On May 15, Antoine Le Bigaut returned to his native Morbihan with an Olympic silver medal around his neck. Olympic Games in May 2022? These were certainly less publicized, but the footballer from Pontivy went to Brazil to participate in the Deaflympics, derived from the Olympics reserved for the deaf and hard of hearing.
Deeply deaf from birth, he has always played football in valid clubs, with some adaptations. “I have to be in front of the coach to understand the instructions. “However, the Breton is perfectly integrated into his group, in R2 with the Pontivyen Stadium. He even carries out training with the N3. “I think it’s essential to evolve in valid. The level is totally different”, estimates the one who also has a license to play with the deaf team of CSSM Paris, with which he is European champion.
Reconciliation with the FFH in 2008
In reality, however, they are few deaf to play sports. “You have to distinguish between the deaf and the hard of hearing,” says Sébastien Messager, head of deaf sport at the French Handisport Federation. Deaf culture is a very strong culture, with a community. The problem is that the large deaf associations often do not have a sports section. »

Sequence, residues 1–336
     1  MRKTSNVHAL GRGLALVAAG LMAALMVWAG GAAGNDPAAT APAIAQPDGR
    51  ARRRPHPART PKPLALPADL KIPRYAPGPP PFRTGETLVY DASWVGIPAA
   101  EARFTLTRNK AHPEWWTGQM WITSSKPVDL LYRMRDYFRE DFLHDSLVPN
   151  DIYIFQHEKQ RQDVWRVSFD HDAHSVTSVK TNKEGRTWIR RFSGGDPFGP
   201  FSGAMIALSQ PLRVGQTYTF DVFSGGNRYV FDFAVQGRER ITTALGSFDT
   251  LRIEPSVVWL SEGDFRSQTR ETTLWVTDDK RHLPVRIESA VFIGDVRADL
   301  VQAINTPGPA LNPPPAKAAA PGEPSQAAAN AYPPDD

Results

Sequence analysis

Until 2008, deaf sport also had its own Federation, as did its international competition, which has existed for longer than the Paralympic Games. And the rapprochement between the French Handisport Federation and the Sports Federation of the Deaf in France did not go very well at first. “They arrived a little constrained, and we were not given the means, neither human nor financial”, regrets Sébastien Messager.
Raise awareness of the disabled sports sector
So, today, great means must be deployed to make them aware of the Handisport Federation, and therefore access to international competitions, for deaf and hard of hearing people. “We even have some who have valid high-level courses and who have never heard of disabled sport. »
Athletes often don’t want to be put in a box. “I consider myself able-bodied and disabled,” admits Antoine Le Bigaut, very proud to be able to wear the jersey of the France team.
In this in-between where no one seems to decide for one side or the other, the question arises about the integration, one day, in the Paralympic Games
. “It would be good to have more financial and media resources, but it’s also good to have separate Games”, rejoices Antoine Le Bigaut. “After the Deaflympics, they said to each other that they were Olympic champions. It demonstrates the power of this competition,” recalls Sébastien Messager.
At the beginning of July, the medalists will be received by the Minister of Sports, a first for deaf athletes. A step towards greater recognition?
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